“A Natural Girl” is a character study of Susan Andrews, a woman without any character, without any interesting bumps in her personality. She lends herself to smooth depiction because there is so little that can be said. The events of a rather ordinary life wash over her without touching her. “Trying Out for the Race” is potentially rough in its imbalanced cast of characters: two women, each with a daughter and one with a son, live together to save on expenses. The story does not pursue this opportunity, however, singling out the son as the protagonist and focusing on his difficulties as symbolic man of the house, making the story a variation on the theme of “Oh, Joseph, I’m So Tired” rather than something unique.

“Liars in Love” is smooth with familiarity. Warren Matthews, a Fulbright scholar in London, is deserted by his wife. He takes up with a prostitute who is, apparently, a better person than his wife, but she proves to be grasping and mendacious. His wife wants him back and he gladly returns. His only problem is keeping this sordid escapade from his wife’s Aunt Judith, with whom he lives, but she finds out and is more understanding and “hep” than he expected. In “A Compassionate Leave,” an American G.I. goes from Germany to Paris to London, but Yates’s only concession to the hectic, chaotic ambiance of time and place is a page of explanation about the lot of G.I.’s in 1945 before moving smoothly into the events.

“Regards at Home” is more a sketch or tone poem than a story and rolls out the protagonist’s difficulties with mother, wife, and male colleague. “Saying Goodbye to Sally” is the most original story in the collection. A screenwriter in California in 1962 seeks sex and tranquillity in the chaos of the notorious Hollywood life-style. Nevertheless, Jack Fields’s difficulties with erratic women unfold in the same smooth, unreflective way as those of boys and men in other stories.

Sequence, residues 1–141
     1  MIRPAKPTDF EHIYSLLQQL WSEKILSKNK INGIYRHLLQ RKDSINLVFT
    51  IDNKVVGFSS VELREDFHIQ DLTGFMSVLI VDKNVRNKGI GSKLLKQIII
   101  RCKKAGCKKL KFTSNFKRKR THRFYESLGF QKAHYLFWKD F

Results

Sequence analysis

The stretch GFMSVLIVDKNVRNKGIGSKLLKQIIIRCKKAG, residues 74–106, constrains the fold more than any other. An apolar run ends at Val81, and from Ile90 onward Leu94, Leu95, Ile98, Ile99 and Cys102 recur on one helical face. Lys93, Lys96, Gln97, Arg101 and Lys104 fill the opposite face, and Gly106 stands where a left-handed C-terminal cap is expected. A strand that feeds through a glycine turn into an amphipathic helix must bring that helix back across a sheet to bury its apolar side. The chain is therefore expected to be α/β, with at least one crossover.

Yates exercises self-censorship in references to sex and violence. Curiously, the few instances he presents would benefit not so much from explicitness as deletion since they do not play integral parts in the stories. “Oh, Joseph, I’m So Tired” has one act of violence, one reference to female nudity, and an ugly confrontation. The episode of the arrow-shooting of Billy’s namesake fish underscores Billy’s sensitivity, but, then, what child would not be upset? John Cabot, the archer, age eleven, is also the one to comment leeringly on seeing Billy’s sister naked. Billy is unimpressed. In her frustration at not reaping fame and fortune from sculpting FDR, Helen, Billy’s mother, verbally assaults a Jew with anti-Semitic remarks. The story would not be better with more violence, more sex, and a pogrom, but these little unintegrated gestures toward harsh reality do not contribute much as they stand.